That “someone” turned out to be a large male black bear. He stopped about 30 feet from where we were eating. Bob yelled, “It’s a bear!” and we all got up and began to shout. The bear grudgingly turned and ambled back along the puncheon, with several of us following. He inspected our construction materials and tools, and emptied an unzipped backpack, scattering its contents. Once he got to the far end of that section of puncheon, he stopped–and did not leave. I finally started up a chainsaw, and he ran into the woods. We quickly finished lunch and returned to work, albeit much more cautiously aware of our surroundings.

A little while later, Bob and Estelle Anderson, his co-chair, started to leave. When they got back to the staging area where we had lunch, there was the bear! He had circled back around us, apparently to inspect where the smells of food had come from. He emptied the bag containing my chainsaw gear and ripped open the sawyer’s trauma pack. He clawed at and punctured the seat of the park’s utility vehicle that we were using–maybe he thought it was a cooler. Bob and Estelle started yelling, and the bear moved a little distance away, but stopped. By the time I got back there with the chainsaw, the bear had moved further up the trail, but was still in sight.

Fortunately I had cell service, so I phoned the park office. A park police officer armed with a shotgun arrived after about 20 minutes, by which time the bear was out of sight. The officer reported that this had been his third bear call that day. We packed up our tools and gear, and with a “police escort,” made our way back to the trailhead and our vehicles.

Bear in Cedar Swamp

The bear that visited the West Jersey Trail Crew in Wawayanda was unafraid of their presence. Photo Credit: Bob Jonas

Our bear had three ear tags, and was clearly a known “problem bear,” since these animals are tagged every time one is trapped and relocated. We have seen bears on multiple occasions while working in the woods, but they have always avoided us once our presence was known. However, it seems that bears–like our visitor–are much less wary of humans as of late. Our visitor was unfazed by our presence, and did not leave until he was ready. Those of us who spend time in the woods need to be prepared for the very real possiblity of a bear encounter such as we had.

Bear safety begins with bear education. Learning how to act in the event of a bear encounter, like the West Jersey Trail Crew did, is crucial for the public’s safety, and, especially, the bear’s safety. For more information about how education about bears can help keep parks open, bear safety tips, and more, visit our website.

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SUEZ Water North Jersey Volunteers Are Committed to Building and Protecting Trails

Many thanks to SUEZ Water North Jersey for doing their part in helping the Trail Conference create, protect, and promote 2,100 miles of public trails.

Check out our video that showcases our partnership with ny/nj trail conference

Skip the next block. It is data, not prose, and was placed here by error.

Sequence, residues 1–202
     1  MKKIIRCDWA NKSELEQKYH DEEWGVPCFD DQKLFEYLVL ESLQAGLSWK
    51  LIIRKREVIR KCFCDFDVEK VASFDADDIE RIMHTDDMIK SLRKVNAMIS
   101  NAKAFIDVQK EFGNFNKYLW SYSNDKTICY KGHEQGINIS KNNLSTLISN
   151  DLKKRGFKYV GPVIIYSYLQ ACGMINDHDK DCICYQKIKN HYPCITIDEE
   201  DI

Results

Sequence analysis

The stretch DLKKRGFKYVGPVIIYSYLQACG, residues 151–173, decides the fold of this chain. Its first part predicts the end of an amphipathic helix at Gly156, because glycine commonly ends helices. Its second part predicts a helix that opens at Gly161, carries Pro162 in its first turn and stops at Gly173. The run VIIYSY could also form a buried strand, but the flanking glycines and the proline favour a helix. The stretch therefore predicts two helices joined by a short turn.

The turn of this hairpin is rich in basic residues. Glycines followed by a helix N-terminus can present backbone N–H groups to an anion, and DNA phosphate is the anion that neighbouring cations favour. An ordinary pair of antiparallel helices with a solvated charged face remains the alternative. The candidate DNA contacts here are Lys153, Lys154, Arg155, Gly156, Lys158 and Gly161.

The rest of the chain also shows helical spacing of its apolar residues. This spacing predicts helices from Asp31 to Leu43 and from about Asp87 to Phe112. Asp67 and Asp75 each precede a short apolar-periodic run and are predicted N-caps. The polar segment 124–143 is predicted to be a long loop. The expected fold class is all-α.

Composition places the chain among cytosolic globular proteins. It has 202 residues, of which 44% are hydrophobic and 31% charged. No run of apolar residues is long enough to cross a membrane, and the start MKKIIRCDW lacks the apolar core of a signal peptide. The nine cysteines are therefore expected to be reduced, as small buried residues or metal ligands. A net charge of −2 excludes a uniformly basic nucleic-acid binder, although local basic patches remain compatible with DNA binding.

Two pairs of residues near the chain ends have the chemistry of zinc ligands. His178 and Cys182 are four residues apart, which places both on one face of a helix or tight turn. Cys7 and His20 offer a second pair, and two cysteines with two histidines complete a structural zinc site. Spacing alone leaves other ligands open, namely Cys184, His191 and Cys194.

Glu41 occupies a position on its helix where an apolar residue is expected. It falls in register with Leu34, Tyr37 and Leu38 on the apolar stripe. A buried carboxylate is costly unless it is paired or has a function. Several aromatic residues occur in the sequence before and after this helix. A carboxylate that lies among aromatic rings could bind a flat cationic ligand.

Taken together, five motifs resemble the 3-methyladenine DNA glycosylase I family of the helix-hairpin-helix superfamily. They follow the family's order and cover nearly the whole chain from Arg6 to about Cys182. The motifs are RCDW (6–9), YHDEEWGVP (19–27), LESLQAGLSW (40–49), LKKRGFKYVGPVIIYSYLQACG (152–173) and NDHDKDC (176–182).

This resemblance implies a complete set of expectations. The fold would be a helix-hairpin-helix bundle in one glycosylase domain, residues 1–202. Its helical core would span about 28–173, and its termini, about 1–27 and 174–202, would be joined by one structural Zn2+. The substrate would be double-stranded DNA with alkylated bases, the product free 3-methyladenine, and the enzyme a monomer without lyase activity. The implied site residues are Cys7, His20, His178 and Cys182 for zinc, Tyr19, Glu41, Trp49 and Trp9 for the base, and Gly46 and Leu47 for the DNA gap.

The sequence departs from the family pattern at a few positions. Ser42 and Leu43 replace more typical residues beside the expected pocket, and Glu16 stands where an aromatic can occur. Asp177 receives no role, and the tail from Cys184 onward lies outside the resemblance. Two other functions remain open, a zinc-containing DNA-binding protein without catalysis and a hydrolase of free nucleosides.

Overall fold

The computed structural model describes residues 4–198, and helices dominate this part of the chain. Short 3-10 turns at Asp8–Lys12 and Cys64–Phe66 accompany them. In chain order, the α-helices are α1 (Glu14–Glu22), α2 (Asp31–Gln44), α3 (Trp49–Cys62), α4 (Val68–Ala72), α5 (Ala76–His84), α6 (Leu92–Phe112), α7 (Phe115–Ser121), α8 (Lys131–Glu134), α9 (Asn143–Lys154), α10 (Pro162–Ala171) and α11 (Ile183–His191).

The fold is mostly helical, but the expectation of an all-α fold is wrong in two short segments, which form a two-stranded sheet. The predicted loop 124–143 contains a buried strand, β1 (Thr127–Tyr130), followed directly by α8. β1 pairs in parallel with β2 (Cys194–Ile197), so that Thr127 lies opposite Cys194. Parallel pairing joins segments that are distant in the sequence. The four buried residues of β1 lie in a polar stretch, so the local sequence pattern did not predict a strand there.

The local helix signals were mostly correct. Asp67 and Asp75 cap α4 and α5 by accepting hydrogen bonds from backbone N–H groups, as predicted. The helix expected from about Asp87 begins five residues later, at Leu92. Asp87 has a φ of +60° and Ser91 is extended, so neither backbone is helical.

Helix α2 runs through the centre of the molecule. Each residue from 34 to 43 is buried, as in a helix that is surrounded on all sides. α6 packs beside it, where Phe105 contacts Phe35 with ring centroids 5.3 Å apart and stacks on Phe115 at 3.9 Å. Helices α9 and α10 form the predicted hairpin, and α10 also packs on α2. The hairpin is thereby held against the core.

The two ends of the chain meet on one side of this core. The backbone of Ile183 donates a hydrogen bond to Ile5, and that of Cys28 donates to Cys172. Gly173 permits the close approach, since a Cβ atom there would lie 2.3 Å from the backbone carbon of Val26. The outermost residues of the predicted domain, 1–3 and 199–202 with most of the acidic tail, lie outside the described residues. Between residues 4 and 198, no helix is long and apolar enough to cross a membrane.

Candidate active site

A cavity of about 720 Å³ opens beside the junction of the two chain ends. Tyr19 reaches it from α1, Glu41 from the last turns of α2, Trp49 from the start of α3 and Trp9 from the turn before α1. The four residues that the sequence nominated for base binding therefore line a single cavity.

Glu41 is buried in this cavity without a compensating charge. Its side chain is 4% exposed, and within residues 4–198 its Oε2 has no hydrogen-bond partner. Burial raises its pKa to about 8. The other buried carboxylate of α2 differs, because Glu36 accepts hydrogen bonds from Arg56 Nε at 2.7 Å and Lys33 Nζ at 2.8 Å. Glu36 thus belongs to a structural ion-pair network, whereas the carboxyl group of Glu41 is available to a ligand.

Posted by SUEZ Water North Jersey – formerly United Water North Jersey on Friday, July 10, 2015

 

Volunteers from SUEZ Water have helped us build and rehab trails in Ramapo Valley County Reservation, the Oradell Reservoir, and other popular parks in north Jersey. Thank you for your commitment to open spaces!

Posted in Giving, Hikes, New Jersey Trails, New Trail, Trail Crew, Trail U, Trails, Volunteering | Tagged , , , , , , | Leave a comment

Ask a Trail Builder: What’s Up With All the Hammers?

By Ama Koenigshof, Trail Builder and Educator

Why all the hammers?  Do you really need them to build trails?

Hammers are an essential tool in trail construction, especially when dry stone masonry is involved. But the variety can be overwhelming. Hammers can range in price from a $12 local hardware store special to a $315 carbide-tipped monster slab splitter.  Choosing the right hammer for the job can make your tool bag lighter, while proper care will ensure your investment lasts a lifetime.  Here are my top 10 favorite hammers.

Single Jack/Engineer's Hammer

Single Jack/Engineer’s Hammer
Use: If you have one hammer, this is it!  Use it to crush stone, shape stone, strike other hand tools, pound in pinning, you name it!  Comes in weights from 2lbs to 22lbs (usually considered a double jack or sledge) with various handle lengths.
Strike: Anything

Striking Hammer/Drilling Hammer.Striking Hammer/Drilling Hammer
Use: Striking other hand tools. Comes in weights from 2lbs to 16lbs with various handle lengths.
Strike: Other hammers, chisels, hand drills, and the wedges of your feather and wedge sets when splitting a stone.
Do Not Strike: Stone

Mash Hammer

Mash Hammer (can be carbide tipped)
Use: The best crush maker out there. It can also be used to split and trim stone. Comes in weights from 2lbs to 18lbs with various handle lengths.
Strike: Stone Only

Stone Buster (carbide tipped)Stone Buster
Use: Splitting and shaping stone. Can swing or hold in place and strike with another hammer.  Comes in 2lb and 4lb weights with horizontal or vertical carbide-tipped blades.
Strike: Use the striking head to hit other hammers and chisels; use the carbide-tipped blade to split, trim, or shape stone.
Do Not Strike: Do not use the striking head on stone or the carbide-tipped blade to strike other hand tools.

Hammer Point (carbide tipped)Hammer Point
Use: Perfect for making a round stone square, it takes off high spots.  Can swing or hold in place and strike with another hammer.  Comes in 2lb and 4lb weights with a fiberglass handle.
Strike: Use the striking head to hit other hammers and chisels; use the carbide-tipped point to shape stone.